Licensing boards should prevent alcohol culture

Supermarkets continuously have deals on alcohol. Picture: PA
Supermarkets continuously have deals on alcohol. Picture: PA
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CUTTING back on booze culture is essential, says Evelyn Gillan

Summer barbecues, the cup final, Valentine’s Day, Mother’s Day, Father’s Day, Christmas, New Year, Wimbledon, a good day at work, a bad day at work, the weekend… we’re told by alcohol marketers that there’s always a reason to ‘celebrate’ or ‘commiserate’ with alcohol. Any event (or non-event) is used as an excuse to pour another drink.

Added to this, the big supermarkets are on a constant round of alcohol price promotions. A 70cl bottle of Tesco ‘everyday value’ vodka costs less than a tenner while Asda have a two-litre bottle of cider at just £2. According to Asda’s website, it’s “flying off the shelves”. Alcohol companies want to convince us that booze is an essential part of everyday life. This creates enormous difficulties for people who don’t want to drink at all, those who are trying to cut down, and people recovering from alcohol dependency.

The musician Midge Ure, who has had problems with alcohol in the past, spoke recently about how the utter ubiquity of alcohol helps to create the alcohol harm that we see all around us. By creating an environment where cheap alcohol is available in supermarkets, corner shops, garages and even motorway service stations, we make it easy for people to develop alcohol problems. If we want to help people to drink less then we need to create more protective environments and provide better safeguards. Licensing boards have a key part to play in creating protective environments because they have the power to control the availability of alcohol in their local area.

Alcohol Focus Scotland recently reviewed the policy statements which every licensing board is required to publish every three years. These statements must promote the five licensing objectives: preventing crime and disorder, preventing public nuisance, securing public safety, protecting and improving public health, and protecting children from harm.

The good news is that we found evidence of good practice in some areas. Glasgow, North Ayrshire, Aberdeen, Dumfries and Galloway, Highland and East Lothian all demonstrated that they had listened to the views of the police, health professionals and local community groups. Ten licensing boards found an overprovision of alcohol outlets in their area – meaning that there is a presumption against granting any new licences for shops or bars.

However, we also found that more licensing boards highlighted the contribution of the licensed trade to the economy and tourism than the adverse health and social consequences of alcohol. In some areas, there was a lack of transparency about how the evidence of alcohol harm presented to licensing boards had been listened to and acted upon. If the police and health professionals have provided evidence of high levels of alcohol-related anti-social behaviour, violence, ambulance call-outs and hospital admissions, the licensing board has the power to take action to minimise this harm. Action can include saying no to new and occasional licences, imposing certain operating conditions like having stewards or CCTV or reducing trading hours. Seventeen licensing boards have extended licensing hours over the last six years with only one board reducing hours of sale.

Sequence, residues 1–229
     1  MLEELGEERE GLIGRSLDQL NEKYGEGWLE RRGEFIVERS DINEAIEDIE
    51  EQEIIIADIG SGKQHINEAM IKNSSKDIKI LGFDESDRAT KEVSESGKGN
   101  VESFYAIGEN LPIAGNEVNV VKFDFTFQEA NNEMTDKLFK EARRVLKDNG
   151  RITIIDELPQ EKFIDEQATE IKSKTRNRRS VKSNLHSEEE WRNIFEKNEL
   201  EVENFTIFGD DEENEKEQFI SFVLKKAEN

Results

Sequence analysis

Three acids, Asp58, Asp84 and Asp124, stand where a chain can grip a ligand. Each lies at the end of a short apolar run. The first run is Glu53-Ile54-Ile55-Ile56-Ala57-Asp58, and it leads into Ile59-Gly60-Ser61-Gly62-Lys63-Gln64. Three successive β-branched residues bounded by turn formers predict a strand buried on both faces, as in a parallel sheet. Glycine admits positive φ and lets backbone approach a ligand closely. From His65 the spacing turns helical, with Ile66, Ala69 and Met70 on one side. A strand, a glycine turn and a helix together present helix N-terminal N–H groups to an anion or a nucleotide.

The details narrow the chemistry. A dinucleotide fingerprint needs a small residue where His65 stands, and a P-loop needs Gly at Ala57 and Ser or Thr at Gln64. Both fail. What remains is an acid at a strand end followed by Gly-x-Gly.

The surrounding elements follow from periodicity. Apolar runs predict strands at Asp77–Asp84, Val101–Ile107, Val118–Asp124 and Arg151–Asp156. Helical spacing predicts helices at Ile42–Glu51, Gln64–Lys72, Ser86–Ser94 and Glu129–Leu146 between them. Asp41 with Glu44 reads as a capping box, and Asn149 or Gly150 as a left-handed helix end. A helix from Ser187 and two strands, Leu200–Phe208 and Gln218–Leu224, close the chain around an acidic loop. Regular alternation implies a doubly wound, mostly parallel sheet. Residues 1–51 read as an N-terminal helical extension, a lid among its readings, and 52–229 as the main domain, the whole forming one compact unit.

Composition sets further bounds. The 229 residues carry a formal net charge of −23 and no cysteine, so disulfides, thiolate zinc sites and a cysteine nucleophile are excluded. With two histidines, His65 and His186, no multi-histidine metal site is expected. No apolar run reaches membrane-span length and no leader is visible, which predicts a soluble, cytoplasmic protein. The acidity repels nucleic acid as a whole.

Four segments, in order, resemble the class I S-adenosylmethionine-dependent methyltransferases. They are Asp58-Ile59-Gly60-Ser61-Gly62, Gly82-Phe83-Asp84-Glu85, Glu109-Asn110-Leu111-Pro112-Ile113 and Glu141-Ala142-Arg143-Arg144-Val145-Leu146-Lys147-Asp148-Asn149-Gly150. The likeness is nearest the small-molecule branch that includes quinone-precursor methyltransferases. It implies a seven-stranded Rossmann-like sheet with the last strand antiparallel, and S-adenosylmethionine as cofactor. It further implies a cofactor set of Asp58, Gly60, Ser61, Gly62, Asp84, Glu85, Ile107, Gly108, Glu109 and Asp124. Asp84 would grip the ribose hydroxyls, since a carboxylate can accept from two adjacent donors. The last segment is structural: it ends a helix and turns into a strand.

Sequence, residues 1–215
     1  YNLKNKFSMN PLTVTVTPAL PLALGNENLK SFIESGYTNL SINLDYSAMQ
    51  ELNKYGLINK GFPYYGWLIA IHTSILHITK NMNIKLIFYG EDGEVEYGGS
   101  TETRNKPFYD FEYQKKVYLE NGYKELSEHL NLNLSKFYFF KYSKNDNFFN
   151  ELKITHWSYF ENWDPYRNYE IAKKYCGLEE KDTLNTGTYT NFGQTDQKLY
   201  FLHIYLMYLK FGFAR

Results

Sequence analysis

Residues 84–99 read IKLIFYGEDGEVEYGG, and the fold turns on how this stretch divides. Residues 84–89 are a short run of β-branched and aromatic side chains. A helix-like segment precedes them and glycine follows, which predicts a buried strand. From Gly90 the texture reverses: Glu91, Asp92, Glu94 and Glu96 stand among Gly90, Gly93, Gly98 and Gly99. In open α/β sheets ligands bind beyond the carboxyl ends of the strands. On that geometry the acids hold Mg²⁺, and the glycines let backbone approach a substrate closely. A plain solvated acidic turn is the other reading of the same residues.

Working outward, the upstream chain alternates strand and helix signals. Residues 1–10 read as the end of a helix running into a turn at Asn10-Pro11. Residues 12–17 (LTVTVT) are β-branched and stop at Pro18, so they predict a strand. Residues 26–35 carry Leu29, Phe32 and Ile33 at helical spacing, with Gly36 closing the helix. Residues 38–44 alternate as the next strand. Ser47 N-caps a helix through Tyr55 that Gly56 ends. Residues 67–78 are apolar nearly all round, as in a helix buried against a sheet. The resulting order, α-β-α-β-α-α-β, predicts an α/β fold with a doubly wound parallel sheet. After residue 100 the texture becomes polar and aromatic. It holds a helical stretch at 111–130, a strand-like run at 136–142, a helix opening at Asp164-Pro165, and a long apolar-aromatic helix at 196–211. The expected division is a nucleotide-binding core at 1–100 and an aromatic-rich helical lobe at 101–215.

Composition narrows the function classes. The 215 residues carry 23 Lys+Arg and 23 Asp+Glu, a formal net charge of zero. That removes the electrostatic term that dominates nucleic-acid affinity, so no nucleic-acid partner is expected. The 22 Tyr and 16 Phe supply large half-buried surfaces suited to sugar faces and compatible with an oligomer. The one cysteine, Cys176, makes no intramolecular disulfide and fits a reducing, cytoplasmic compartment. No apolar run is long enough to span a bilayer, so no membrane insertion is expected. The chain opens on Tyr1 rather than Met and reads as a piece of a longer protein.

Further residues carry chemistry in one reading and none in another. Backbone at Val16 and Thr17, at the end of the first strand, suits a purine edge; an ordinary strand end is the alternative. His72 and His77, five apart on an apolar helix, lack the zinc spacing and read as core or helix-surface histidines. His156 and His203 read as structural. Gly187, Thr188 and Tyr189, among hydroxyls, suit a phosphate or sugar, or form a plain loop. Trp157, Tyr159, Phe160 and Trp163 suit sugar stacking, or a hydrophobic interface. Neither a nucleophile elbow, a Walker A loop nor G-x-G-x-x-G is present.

In Edinburgh, despite the licensing board having identified seven areas of the city as “areas of serious special concern”, the policy appears to have little meaning in practice as the board has granted at least 11 licences since the areas of concern were identified. Objections from members of the public, health professionals and police seem to be falling on deaf ears. The decisions made in council chambers may seem far removed from our everyday lives but they are important decisions which shape our neighbourhoods, our towns and our city centres. The more alcohol that is available in an area, the more likely it is that the people living there will experience the negative consequences, from noise and litter to ill-health and injury.

Licensing boards need to take account of the experiences of the people affected by their policies and decisions, whether that is members of the public or the front-line workers like police, paramedics and doctors who deal with the effects of too much alcohol day in, day out.

We all have a part to play in creating the kind of neighbourhoods and communities that we want to live in. However, licensing boards have a particular responsibility to use their regulatory powers to benefit the public good. They can do this by creating protective environments that control the availability of alcohol which will in turn, minimise the risk of harm to the people and communities that they serve.

Dr Evelyn Gillan is chief executive of Alcohol Focus Scotland

www.alcohol-focus-scotland.org.uk

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